Pollution driven by ammonia and arsenic, along with the impacts of climate change, have become critical factors disrupting aquaculture systems. These issues not only threaten aquatic ecosystems but also have far-reaching consequences for human health.
In response to these challenges, researchers from the ICAR-National Institute of Abiotic Stress Management conducted an innovative experiment to investigate the potential of manganese nanoparticles (Mn-NPs) in mitigating the adverse effects of pollution and high-temperature stress in Pangasianodon hypophthalmus, a species of catfish.
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Mn-NPs: A powerful ally against stress
To address the multifaceted challenges of aquaculture, the study exposed Pangasianodon hypophthalmus to various combinations of arsenic and ammonia pollution, as well as high-temperature stress. Simultaneously, the fish were fed diets enriched with manganese nanoparticles, Mn-NPs.
Manganese nanoparticles represent a micronutrient of profound significance in metabolic and biochemical processes. This micronutrient plays a multifaceted role, extending its influence to encompass protection against reactive oxygen species (ROS), immunomodulation, growth performance, blood coagulation, bone growth, and nervous system functioning.
The study is the first of its kind to elucidate the role of Mn-NPs in alleviating stress through the regulation of various genes involved in the stress response.
The inclusion of Mn-NPs at a concentration of 3 mg kg-1 in the diet led to a notable downregulation of cortisol and HSP 70 gene expression, suggesting that these nanoparticles have the potential to mitigate stress responses in fish.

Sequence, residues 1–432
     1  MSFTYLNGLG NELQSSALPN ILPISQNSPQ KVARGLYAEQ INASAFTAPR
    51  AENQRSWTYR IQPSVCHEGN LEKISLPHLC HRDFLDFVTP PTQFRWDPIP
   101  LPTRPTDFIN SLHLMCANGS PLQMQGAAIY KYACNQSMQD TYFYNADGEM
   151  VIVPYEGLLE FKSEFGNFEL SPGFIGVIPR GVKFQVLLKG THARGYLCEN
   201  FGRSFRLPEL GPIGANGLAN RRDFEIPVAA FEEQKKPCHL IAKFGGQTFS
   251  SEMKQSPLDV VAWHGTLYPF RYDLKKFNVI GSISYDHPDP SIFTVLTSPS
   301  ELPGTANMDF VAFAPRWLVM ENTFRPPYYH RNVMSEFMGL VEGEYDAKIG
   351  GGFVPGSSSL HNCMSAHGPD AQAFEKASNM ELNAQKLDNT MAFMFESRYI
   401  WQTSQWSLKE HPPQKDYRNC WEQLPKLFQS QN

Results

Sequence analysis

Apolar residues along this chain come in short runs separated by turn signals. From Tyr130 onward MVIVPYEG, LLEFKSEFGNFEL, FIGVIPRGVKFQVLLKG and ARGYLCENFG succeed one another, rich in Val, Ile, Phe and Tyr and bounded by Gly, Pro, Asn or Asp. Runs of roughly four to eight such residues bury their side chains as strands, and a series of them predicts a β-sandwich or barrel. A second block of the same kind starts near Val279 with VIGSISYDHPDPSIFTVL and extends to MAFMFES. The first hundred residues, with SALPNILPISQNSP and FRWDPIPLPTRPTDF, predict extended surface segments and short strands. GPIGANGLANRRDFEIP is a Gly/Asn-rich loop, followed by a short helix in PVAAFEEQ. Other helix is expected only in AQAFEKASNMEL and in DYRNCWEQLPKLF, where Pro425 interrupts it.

“This research has also revealed that the inclusion of 3 mg kg-1 Mn-NP serves as protection against DNA damage and improves the expression of DNA damage-inducible protein in fish subjected to various stressors,” the researchers reported.
Enhancing immunity and reducing harmful gene expression
The study also found that expressions of genes related to the immune system were significantly affected by stressors but improved with a Mn-NP diet. Additionally, the expression of genes associated with stress responses, such as inducible nitric oxide synthase (iNOS), caspase (CAS), metallothionein (MT), and cytochrome P450 (CYP450), was upregulated in response to stress. However, the inclusion of Mn-NPs at 3 mg kg-1 in the diet significantly downregulated the expression of these genes, thus reducing stress in fish.
Improving growth and protecting DNA
In addition to stress-related genes, the study examined gene expressions related to growth. Genes associated with growth hormone (GH), growth hormone regulators (GHR1 and GHRβ), and insulin-like growth factors (IGF1 and IGF2) were significantly upregulated in fish fed diets enriched with Mn-NPs. Conversely, genes related to growth inhibition, such as myostatin and somatostatin, were downregulated.
Mn-NPs also demonstrated a remarkable capacity to protect fish from DNA damage, as seen in the gene expression of DNA damage-inducible proteins and the measurement of DNA damage in fish tissues.
Reducing arsenic bioaccumulation
One of the most promising findings was that Mn-NPs enhanced the detoxification of arsenic in various fish tissues, resulting in reduced bioaccumulation of arsenic in muscle and other body parts.
This could mark a turning point in reducing the risks associated with arsenic bioaccumulation in aquatic organisms and, subsequently, in the food chain.
Manganese nanoparticles (Mn-NPs) emerge as a powerful tool to mitigate pollution and stress, enhance growth, protect DNA, and reduce bioaccumulation risks in fish.
“The study reveals that genetic regulation related to growth performance is also influenced and improved by Mn-NPs, ultimately contributing to improved growth rates in fish exposed to stressful conditions. Surprisingly, the administration of Mn-NPs at 3 mg kg-1 effectively promotes the detoxification of arsenic in various fish tissues,” concluded the researchers.
They also highlight the potential of Mn-NPs at 3 mg kg-1 to enhance the well-being of fish species facing contemporary challenges posed by climate change and pollution.
ICAR-National Institute of Abiotic Stress Management
Baramati, Pune, 413115, India
Reference (open access)
Kumar, N., Thorat, S.T., Singh, A.K. et al. Manganese nanoparticles control the gene regulations against multiple stresses in Pangasianodon hypophthalmus. Sci Rep 13, 15900 (2023). https://doi.org/10.1038/s41598-023-43084-z